The important thing here is not the merchant’s greater prospects for financial success, but rather his struggle with self-imposed limitations that define every aspect of his life, and therefore hold him back from a genuine spiritual journey of discovery. Just as he fears becoming too successful in business—an odd concern for a businessman—he fears that actually fulfilling his spiritual quest by making the hajj will leave his life empty. To be sure, Santiago struggles with this temptation as well: preparing to leave, he tells the merchant that “’I have the money I need to buy my sheep. And you have the money you need to go to Mecca’” (39). Santiago is tempted to do as the merchant is doing: simply return to a place of spiritual stasis, rather than pursuing his Personal Legend and the encounter with the divine that it represents. Abandoning his spiritual journey will mean going back to Spain and “doing just what I did before… even though the sheep didn’t teach me to speak Arabic” (40). This is another crossroads moment, one that touches both Santiago and the merchant. The merchant expresses his pride in Santiago, but then says: “’[Y]ou know that I’m not going to go to Mecca. Just as you know that you’re not going to buy your sheep’” (39). The merchant is teaching Santiago the same fundamental lesson that Melchizedek taught him, only from a different angle. What the merchant represents is, of course, a negative example: what the spiritually-unfulfilled life looks like. Lest there be any doubt that this too is an omen, Coelho strongly hints that the merchant is in fact Melchizedek in disguise, as Santiago notes “…for the first time that the old merchant’s hair was very much like the hair of the old king” (41). Santiago remembers, too, that Melchizedek “said that he always appeared to help those who are trying to realize their Personal Legend” (41). Coelho is not long on subtlety here: this sign is another guide-post to help Santiago on his journey toward the divine.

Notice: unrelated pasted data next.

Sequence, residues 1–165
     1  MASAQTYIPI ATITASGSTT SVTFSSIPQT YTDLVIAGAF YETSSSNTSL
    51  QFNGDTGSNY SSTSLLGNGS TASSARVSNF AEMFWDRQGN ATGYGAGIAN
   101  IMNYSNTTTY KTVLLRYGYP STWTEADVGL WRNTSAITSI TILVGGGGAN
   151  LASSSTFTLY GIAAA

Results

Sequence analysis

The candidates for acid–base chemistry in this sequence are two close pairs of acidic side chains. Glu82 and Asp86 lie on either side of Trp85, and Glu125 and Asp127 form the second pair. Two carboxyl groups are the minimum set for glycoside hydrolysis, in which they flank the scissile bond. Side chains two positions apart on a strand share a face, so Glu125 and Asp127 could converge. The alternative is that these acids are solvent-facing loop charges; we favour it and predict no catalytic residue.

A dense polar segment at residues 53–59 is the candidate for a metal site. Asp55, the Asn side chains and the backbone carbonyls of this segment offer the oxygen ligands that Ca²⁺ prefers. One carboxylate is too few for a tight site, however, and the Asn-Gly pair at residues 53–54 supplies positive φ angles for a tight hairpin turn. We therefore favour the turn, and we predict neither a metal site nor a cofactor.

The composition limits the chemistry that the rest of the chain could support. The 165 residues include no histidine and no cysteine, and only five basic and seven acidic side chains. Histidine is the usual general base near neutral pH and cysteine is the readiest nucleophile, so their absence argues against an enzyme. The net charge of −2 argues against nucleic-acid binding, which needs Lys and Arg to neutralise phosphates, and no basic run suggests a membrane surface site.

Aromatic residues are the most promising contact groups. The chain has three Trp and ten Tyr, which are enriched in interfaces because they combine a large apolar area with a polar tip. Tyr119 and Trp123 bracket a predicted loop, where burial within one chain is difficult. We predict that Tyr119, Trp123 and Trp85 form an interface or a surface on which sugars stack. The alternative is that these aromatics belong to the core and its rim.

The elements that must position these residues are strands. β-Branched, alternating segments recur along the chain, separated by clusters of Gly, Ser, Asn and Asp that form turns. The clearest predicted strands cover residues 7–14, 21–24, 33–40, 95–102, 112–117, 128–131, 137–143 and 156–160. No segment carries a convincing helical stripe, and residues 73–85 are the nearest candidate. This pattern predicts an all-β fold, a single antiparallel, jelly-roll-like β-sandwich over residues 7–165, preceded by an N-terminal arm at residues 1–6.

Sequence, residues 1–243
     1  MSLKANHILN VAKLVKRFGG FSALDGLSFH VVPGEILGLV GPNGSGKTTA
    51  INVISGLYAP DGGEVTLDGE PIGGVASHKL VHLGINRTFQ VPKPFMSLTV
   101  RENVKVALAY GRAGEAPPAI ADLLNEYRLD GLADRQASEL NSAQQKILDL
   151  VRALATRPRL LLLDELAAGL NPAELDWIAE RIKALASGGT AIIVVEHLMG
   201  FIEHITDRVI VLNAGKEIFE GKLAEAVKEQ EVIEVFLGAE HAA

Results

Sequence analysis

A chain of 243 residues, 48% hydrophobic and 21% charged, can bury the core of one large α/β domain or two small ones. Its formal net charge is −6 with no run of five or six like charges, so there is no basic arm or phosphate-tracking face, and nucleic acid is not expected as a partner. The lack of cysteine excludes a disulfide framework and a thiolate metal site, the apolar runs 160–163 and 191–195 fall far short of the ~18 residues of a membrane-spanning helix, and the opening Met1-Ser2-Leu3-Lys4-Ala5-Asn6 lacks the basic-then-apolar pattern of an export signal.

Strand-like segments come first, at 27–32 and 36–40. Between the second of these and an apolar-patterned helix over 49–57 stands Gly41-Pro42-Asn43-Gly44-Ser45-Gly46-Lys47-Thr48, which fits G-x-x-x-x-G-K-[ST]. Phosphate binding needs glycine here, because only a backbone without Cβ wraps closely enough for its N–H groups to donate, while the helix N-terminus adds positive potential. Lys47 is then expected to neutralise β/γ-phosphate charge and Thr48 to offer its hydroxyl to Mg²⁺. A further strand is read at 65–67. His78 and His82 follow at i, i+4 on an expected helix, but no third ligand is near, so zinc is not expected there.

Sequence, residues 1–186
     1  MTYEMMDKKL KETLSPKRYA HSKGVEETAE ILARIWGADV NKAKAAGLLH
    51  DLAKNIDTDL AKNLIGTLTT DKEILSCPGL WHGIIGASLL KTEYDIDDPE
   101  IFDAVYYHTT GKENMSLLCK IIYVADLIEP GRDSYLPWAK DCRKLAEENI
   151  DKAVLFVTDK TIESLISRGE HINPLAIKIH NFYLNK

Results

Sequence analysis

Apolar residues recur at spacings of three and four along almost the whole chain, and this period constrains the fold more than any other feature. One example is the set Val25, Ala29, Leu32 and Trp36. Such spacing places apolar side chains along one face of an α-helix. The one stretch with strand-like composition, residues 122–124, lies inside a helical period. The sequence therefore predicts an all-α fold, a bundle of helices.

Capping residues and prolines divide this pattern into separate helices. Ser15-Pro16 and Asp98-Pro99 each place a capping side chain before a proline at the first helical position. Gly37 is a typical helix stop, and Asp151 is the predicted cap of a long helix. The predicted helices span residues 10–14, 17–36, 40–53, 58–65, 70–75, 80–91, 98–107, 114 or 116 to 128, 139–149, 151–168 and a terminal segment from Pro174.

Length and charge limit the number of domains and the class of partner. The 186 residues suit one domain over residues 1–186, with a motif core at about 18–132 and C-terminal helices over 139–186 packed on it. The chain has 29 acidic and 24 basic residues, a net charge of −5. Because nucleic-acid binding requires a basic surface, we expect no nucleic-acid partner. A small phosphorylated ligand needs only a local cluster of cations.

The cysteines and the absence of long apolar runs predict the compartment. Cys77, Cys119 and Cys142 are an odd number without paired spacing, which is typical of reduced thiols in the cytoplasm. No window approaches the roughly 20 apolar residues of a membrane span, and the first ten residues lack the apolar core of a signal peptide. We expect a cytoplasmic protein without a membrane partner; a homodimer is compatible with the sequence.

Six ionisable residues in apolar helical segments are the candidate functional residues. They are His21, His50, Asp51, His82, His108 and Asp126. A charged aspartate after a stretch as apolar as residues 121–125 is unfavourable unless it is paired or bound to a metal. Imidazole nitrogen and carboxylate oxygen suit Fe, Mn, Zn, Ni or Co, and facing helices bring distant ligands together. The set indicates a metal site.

Fittingly enough, once Santiago is back on track, he meets a fellow spiritual traveler: someone else who is genuinely seeking their Personal Legend. The Englishman is an interesting character in his own right, and Coelho gives many important clues that he, too, is on a spiritual journey to encounter the divine: like Santiago, the Englishman believes in omens, and “[a]ll his life and all his studies were aimed at finding the one true language of the universe” (42). Towards this end, he has “studied Esperanto, then the world’s religions, and now… alchemy” (42).). Again, this is a reiteration of Coelho’s theme that one must ‘follow the omens’. As the Englishman says, “’Everything in life is an omen… There is a universal language, understood by everybody, but already forgotten’” (45). Moreover, what one might take for “luck” or “coincidence” is not so: it is all part of the divine order of things, which Santiago thinks of in terms of “the mysterious chain that links one thing to another, the same chain that had caused him to become a shepherd, that had caused his recurring dream, that had brought him to a city near Africa…” (47). In other words, Santiago’s journey—and the Englishman’s, of course—is, again, as much an inner journey as it is an external or physical one.